*Warning: this post contains some salty language*
Gradually I have been trying to get her into something else that I can enjoy more and that is board games. Though not a board game in the classic sense, I got her first started playing Cooties. She took to it immediately but because they only manufacture stuff with cheap plastic crap, the pieces never would stay together and she would get frustrated. I solved 80% of the frustration by super gluing the body and head pieces into one unit and the remainder of the frustration I avoid by always taking the pieces that don't fit well. Grandma got her Candy Land which she always plays when down on the farm but I needed something to transfer her too up at our house. So I got UNO.
My daughter likes playing UNO with all the colors and numbers and soon got the gist of the game. It was fun seeing her develop from simply playing the first card that matched either in number or color to some more strategic plays like playing strings of 'Draw Two' cards and to stacking the deck with 'Draw Four' wild cards when I'm not in the room. I quickly learned that the concept of 'cheating' is born in us.
But the real subject of this post and a board game that I got in conjunction with UNO is Chutes and Ladders. It didn't start off as a favorite of my daughters because it was a little too complex. It took her a long while to figure out the board and in which direction you need to move after you have spun the spinner. If you aren't familiar with the board, it is simply a board with 100 squares in rows of ten with no defined path other than numbers that increase up the board in a zig zag fashion. To a four year old who can only count to sixteen before getting confused, it is confusing. But I eventually showed her how to master which way to go and we were off. There is no strategy to this game based only on luck and an ability to spin the spinner so it probably shouldn't have surprised me that she learned to cheat at this game more quickly by spinning multiple times until she got a big number or do little flicks that didn't go all the way around to achieve the same result. I put an end to that by saying you only get one spin and it must go all the way around and after some pouting, she was back playing. Most recently, she has learned to see into the future by counting squares to a desirable landing spot and wishing for them when she spins. It melts my heart to see that which is really necessary when at times I am overcome with an incredible urge to tear up the board into tiny bits and burn the little plastic and cardboard game pieces.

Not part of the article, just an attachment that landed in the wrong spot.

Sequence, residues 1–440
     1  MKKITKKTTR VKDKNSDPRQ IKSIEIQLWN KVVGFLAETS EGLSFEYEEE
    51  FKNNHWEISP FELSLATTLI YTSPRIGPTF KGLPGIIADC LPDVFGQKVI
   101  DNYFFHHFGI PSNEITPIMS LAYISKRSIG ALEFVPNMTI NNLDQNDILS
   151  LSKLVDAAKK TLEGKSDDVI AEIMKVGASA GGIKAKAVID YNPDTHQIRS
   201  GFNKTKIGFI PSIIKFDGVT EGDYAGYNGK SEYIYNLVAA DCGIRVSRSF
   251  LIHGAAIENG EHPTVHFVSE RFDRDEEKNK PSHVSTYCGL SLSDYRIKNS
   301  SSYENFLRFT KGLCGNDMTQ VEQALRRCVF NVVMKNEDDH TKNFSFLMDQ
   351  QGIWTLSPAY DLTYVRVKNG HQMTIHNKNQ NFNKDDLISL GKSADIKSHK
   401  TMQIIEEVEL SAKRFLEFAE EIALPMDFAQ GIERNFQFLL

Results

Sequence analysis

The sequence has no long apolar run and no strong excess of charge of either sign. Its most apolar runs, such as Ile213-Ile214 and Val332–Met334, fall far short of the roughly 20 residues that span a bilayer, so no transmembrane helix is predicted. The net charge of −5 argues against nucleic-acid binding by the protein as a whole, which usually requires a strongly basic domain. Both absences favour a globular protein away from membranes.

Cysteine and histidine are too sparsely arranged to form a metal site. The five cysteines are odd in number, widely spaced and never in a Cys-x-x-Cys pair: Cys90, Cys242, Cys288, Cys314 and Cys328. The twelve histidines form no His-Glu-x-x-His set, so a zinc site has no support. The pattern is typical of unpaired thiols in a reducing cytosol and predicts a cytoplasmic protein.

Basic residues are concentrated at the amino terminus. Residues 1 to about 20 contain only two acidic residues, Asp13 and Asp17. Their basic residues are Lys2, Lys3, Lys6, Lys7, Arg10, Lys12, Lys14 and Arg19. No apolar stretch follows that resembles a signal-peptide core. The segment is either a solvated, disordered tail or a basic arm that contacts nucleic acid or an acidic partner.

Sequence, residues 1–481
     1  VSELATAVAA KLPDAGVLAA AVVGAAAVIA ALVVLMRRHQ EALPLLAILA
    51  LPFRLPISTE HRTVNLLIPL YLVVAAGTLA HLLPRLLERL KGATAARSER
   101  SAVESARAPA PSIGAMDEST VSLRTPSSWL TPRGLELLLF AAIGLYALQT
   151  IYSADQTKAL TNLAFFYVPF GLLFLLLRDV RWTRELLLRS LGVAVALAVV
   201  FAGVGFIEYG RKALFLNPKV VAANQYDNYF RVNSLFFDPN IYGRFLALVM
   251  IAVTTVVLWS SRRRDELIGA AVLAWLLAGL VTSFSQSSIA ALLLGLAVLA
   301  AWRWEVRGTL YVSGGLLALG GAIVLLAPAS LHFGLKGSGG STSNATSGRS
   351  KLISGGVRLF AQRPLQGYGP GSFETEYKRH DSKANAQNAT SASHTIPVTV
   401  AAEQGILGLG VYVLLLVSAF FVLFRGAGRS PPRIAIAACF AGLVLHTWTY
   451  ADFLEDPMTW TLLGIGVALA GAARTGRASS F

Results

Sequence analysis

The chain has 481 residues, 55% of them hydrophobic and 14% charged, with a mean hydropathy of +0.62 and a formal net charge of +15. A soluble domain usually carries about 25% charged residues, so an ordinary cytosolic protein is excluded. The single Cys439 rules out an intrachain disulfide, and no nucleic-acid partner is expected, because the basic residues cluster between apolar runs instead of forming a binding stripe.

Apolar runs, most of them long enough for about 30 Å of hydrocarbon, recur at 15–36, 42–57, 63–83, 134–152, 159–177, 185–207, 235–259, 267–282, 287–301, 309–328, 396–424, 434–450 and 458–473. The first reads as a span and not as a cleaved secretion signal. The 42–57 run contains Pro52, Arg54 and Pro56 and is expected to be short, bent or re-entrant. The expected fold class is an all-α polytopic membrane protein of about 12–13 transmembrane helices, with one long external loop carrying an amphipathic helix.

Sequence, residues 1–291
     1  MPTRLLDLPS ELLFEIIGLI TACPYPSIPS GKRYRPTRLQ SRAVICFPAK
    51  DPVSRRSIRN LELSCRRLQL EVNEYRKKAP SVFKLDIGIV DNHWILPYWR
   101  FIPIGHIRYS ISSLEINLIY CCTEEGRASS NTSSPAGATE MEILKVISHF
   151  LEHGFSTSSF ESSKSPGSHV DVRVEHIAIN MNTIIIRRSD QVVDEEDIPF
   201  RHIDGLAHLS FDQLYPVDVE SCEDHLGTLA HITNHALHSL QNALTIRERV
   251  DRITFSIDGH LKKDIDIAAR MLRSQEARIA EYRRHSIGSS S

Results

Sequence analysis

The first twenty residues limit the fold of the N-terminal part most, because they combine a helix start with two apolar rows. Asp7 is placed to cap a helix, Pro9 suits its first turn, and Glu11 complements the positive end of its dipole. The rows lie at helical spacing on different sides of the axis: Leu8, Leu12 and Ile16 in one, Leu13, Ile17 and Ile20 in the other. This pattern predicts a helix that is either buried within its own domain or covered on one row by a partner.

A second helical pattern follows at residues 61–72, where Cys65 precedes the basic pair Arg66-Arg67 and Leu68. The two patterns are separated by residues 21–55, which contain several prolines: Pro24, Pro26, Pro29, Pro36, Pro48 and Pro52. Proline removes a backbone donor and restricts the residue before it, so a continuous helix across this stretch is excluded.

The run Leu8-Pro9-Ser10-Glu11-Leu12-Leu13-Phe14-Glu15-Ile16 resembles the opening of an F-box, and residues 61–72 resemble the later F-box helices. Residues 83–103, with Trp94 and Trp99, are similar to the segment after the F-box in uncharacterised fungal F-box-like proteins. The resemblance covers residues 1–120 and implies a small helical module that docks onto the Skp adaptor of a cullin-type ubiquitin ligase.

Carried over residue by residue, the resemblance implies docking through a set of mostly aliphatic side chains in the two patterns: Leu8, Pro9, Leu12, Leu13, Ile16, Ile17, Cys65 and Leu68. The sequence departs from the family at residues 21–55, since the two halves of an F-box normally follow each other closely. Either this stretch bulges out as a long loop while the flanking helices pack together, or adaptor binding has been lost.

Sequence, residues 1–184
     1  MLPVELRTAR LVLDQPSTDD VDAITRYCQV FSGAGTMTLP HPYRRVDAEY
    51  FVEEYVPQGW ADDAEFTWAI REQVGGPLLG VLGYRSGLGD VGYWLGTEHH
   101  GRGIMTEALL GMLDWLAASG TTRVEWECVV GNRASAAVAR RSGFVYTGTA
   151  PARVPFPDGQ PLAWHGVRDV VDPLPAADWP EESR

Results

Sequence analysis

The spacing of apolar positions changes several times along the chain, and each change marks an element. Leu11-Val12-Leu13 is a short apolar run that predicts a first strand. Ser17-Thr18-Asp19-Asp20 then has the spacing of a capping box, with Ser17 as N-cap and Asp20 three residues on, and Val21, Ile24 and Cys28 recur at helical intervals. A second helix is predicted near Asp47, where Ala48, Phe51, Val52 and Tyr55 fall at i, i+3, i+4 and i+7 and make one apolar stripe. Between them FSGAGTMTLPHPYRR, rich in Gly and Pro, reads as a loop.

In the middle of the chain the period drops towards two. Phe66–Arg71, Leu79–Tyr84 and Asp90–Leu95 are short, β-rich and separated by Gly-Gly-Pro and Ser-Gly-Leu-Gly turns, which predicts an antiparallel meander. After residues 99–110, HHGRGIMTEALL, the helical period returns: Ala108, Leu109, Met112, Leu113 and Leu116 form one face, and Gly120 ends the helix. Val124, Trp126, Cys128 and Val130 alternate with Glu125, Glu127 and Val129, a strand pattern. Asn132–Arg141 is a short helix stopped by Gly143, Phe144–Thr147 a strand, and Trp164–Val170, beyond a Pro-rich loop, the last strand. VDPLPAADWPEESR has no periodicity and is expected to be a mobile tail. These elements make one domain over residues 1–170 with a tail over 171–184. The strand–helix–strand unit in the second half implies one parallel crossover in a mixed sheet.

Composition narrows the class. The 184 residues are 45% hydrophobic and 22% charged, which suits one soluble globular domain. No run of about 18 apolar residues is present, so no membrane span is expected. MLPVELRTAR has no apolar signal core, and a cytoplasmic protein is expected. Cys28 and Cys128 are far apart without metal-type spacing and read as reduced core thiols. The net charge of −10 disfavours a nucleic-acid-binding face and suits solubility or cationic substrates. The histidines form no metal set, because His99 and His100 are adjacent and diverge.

I have come to loathe the numbers 48 and 49. Those two spaces are the tops of two side by side chutes that send the person landing on them sliding all the way back to the early rows of the board. Because the spinner only has six places, you have at most a thirty-three percent chance of landing on them and yet I hit those bastards every single time while my daughter skips right over them. Last night I hit them six times in a row! What really gets me is that in researching for this post, most older pictures of this board game have them chutes starting from squares 47 and 49 with a safe space in-between them but in my new version of this game, some sick f&$@ decided that he would put them together. He had better hope that I never find out his name!
While I'm hitting spaces 48 and 49 one hundred percent of the time, my daughter has her own issues. She gets way to the top and either wins or hits number 87 which also sends the lander going way back to the beginning. The difference is that she gets to travel the whole length of the board in-between times while I just go in an endless f@#&!$@# loop consisting of three rows. Another difference is that most of the time she skips right over it and wins.
Last night however was one of those nights where I had just landed on either 48 or 49 for the sixth consecutive time and my daughter had rode down the chute beginning at 87 for the third time when I decided to do the unthinkable. When I got to square 46 and of course spun a three meaning I was destined for endless f#$%$@# loop number seven, I cheated. I casually counted on to square number 50 and told my daughter it was her turn. She never noticed. She also never noticed when many turns later when of course I had to spin that exact f!@#$!% number that would land me on the mother of all slides starting at number 87 and I skipped on to number 88. At this point the game had been going on for 45 minutes and I was most definitely about to lose my cool. I cheated again on space 95 and 98 and finally 'won' the game by landing on space 100. My daughter gracefully said, "oh man," giving my the obligatory high five and began putting the game away to move onto something else. I just concentrated on taking deep breaths.